Where 'O, Where Has My Little Waist gone...

by Alexandra Allred

Have you ever noticed how tiny the women's (and men's) waists were in the 1950s and 1960s? Everyone seemed to have teeny, tiny waistlines. But in the new millennium, medical experts are extremely worried about people's ever expanding waistlines. And fashion designers are mortified. Can you blame them? Britney Spears made low-riding pants and belly-bearing cropped t-shirts the fashion anthem for teenagers everywhere. Forget your feelings on modesty. We're not here to argue whether such clothing is appropriate or not. (However, you'll never see my kid wearing that, and, if you do, please call me, because it means she changed behind my back.) The issue, instead, is clean when you look at those oversized kiddy bellies poking out from beneath those cropped tops: the expanding waistline problem is no longer an adult-only issue.

Children today are overweight. Yea, yea, you've read this a hundred times. We all nod sympathetically about this problem, but what are we really doing about it? And if you think I am about to lecture you about what we're not doing - not getting enough exercise, for example - you're wrong. Medical and fitness/nutritionist experts are as concerned about what we are doing as much as they are concerned about what we're not. Specifically, we are allowing ourselves and our children to consume way too much sugar. We are what we drink.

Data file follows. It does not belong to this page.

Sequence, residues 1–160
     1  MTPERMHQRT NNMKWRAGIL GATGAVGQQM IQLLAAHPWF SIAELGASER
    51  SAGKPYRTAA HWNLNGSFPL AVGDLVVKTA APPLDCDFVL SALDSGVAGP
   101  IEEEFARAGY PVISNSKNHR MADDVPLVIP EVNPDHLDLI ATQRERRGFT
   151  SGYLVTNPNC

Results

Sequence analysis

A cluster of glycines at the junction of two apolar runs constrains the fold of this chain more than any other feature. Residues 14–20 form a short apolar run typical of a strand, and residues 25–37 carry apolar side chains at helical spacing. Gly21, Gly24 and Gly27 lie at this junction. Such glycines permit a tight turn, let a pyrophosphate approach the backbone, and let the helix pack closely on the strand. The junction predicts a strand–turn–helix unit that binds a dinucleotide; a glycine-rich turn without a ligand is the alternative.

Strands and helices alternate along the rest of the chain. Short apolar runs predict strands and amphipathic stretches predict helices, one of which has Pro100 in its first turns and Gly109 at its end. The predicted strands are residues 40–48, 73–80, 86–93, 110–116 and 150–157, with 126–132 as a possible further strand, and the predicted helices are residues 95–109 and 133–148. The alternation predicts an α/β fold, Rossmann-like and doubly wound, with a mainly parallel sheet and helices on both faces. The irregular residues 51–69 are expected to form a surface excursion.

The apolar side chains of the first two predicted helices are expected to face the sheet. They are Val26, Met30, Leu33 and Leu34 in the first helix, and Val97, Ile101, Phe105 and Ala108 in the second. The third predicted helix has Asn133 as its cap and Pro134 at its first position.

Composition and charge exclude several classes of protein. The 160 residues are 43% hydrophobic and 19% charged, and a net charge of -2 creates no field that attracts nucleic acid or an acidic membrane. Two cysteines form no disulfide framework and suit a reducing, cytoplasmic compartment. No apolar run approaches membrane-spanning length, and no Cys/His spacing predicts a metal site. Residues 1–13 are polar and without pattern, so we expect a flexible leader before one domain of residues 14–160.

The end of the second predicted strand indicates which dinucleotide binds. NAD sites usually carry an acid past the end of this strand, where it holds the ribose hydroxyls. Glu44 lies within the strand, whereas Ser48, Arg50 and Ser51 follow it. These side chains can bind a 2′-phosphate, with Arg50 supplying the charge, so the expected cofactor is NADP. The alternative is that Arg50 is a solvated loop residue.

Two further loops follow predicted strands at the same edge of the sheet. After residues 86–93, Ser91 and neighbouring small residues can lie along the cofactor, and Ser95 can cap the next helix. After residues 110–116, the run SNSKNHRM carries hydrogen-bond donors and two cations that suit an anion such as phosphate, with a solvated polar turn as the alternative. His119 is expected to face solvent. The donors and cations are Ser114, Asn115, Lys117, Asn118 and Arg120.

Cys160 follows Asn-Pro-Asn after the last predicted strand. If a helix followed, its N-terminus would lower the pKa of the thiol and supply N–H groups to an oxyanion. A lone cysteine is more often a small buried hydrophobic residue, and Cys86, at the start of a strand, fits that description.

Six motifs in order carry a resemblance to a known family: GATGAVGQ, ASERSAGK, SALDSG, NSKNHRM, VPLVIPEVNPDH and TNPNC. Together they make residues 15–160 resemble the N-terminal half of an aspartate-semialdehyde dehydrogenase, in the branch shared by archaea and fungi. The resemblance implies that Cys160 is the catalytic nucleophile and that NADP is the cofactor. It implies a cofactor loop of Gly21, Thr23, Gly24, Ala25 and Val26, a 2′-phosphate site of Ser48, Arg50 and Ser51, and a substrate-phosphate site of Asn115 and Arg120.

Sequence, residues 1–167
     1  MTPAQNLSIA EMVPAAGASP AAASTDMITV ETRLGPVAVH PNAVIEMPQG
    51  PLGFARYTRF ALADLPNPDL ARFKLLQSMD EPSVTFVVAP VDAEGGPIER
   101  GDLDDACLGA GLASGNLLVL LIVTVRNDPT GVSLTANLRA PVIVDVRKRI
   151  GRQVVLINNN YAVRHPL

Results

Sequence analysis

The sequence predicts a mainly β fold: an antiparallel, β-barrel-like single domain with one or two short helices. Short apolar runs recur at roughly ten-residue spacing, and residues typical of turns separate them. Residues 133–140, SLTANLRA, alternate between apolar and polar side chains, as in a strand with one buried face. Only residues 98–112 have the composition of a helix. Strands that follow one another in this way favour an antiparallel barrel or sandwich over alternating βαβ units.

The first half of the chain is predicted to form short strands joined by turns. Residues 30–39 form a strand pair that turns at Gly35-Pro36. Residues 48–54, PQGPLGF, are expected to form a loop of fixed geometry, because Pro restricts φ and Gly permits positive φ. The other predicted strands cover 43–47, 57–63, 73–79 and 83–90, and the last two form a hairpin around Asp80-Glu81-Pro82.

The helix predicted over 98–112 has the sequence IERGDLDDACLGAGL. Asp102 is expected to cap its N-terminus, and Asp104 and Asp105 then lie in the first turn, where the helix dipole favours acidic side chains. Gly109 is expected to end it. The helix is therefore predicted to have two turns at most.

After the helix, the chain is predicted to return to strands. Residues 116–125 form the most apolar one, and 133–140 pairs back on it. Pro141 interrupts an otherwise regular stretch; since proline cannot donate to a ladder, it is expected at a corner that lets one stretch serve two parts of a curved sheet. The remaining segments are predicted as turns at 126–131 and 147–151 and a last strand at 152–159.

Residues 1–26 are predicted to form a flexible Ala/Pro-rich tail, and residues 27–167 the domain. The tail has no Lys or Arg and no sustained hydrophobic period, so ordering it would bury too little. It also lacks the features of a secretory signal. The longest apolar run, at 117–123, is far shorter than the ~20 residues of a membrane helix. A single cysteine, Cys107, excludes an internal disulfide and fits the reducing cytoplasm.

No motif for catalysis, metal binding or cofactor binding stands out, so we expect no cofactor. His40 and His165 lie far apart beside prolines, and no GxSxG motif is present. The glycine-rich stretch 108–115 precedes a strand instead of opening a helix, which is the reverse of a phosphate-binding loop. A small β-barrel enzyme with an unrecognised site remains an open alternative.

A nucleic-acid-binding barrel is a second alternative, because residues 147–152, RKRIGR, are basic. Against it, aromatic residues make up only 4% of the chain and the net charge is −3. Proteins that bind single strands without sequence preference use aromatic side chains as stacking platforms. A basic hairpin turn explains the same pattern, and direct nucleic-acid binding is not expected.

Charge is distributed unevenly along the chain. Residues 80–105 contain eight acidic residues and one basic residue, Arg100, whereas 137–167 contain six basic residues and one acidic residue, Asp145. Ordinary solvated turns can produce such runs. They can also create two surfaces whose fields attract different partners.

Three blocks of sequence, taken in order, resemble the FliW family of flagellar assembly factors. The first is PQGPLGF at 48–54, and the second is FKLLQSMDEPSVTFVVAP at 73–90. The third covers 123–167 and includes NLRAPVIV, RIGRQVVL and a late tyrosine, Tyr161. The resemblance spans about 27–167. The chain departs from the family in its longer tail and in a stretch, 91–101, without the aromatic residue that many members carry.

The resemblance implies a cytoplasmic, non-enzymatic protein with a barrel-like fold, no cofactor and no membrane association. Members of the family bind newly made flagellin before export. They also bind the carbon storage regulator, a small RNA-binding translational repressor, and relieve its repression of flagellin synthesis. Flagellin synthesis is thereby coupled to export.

We Americans love our liquid candy. Despite the fact that we've been told that too much consumption of caffeine is unhealthy for us, bad for our skin, makes some children more hyperactive, creates --'rebound' -- or caffeine headaches (meaning you have become addicted to the caffeine - never a good sign) and has been related to the increased number of bone fractures in children, we continue to slurp away. Scores of articles and studies have been researched and written about the invasion of soft drink corporations into the school systems. In many places around the nation, schools have finally begun to ban the sale of said drinks on school grounds. But it is not enough. Sales are still higher and people are still fatter than ever. Why?